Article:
The Travis Henry Formula to Beating a Drug Suspension

Be honest: You thought Travis Henry's career as a Denver Broncos running back was deader than Napoleon, didn't you? After all, as local attorney Harvey Steinberg told the Rocky Mountain News, nobody wins NFL appeals on third-strike drug cases like Henry's, which revolved around a positive test for marijuana that leaked out in October. Besides, Henry isn't the planet's most sympathetic character. On top of his four-game suspension in 2005 for failing a previous test, Henry has fathered nine children by nine different women. Guess becoming a celebrity endorser for Trojan condoms is out of the picture.

Now, however, Henry's suspension has been waived -- and his approach to defending himself is likely to become a template for future balling potheads.

Rather than simply rolling over on the question of whether he rolled his own, Henry aggressively denied having inhaled and quickly lined up a hair test that brought the previous results into question. He also took a lie-detector test, and although the results of such examinations are considered ultra-dubious (which is why they're not admissible in court), they bolstered him in the eyes of fans and impressed Mike Shanahan enough that the coach publicly announced his support. These efforts produced enough of a smokescreen, as it were, to create doubt as per Henry's guilt. In a public statement, the NFL insisted that the hair-sample and lie-detector data played no part in the decision to clear Henry, but that's nonsense. Simply put, the League no longer had an open-and-shut case and decided to cut its losses rather than engage in a protracted battle it had every chance of losing -- at least in the court of public opinion.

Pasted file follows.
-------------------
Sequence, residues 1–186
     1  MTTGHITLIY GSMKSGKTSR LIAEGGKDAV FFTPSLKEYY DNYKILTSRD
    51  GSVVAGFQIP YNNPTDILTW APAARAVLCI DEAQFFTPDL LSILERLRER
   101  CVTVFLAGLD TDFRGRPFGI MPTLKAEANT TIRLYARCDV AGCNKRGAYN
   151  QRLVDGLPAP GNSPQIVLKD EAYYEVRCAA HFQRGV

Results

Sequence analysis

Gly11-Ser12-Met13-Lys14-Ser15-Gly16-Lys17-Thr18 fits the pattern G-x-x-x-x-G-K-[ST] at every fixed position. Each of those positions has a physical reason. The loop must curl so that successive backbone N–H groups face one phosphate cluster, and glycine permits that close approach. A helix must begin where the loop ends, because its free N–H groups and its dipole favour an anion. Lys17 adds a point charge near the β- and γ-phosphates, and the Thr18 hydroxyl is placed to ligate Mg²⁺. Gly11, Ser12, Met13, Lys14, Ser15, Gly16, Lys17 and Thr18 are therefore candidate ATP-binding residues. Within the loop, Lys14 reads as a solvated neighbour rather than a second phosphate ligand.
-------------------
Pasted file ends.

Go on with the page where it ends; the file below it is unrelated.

Of course, Henry has to avoid first- and second-hand weed fumes from here on out, since he's still being tested every twenty minutes or so, and if he's flunks again, his tack this time around will ring false. Even so, he's set the standard when it comes to avoiding punishment for taking one toke over the line. Betcha Ricky Williams' lawyers are taking notes. -- Michael Roberts

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Michael Roberts has written for Westword since October 1990, serving stints as music editor and media columnist. He currently covers everything from breaking news and politics to sports and stories that defy categorization.
Contact: Michael Roberts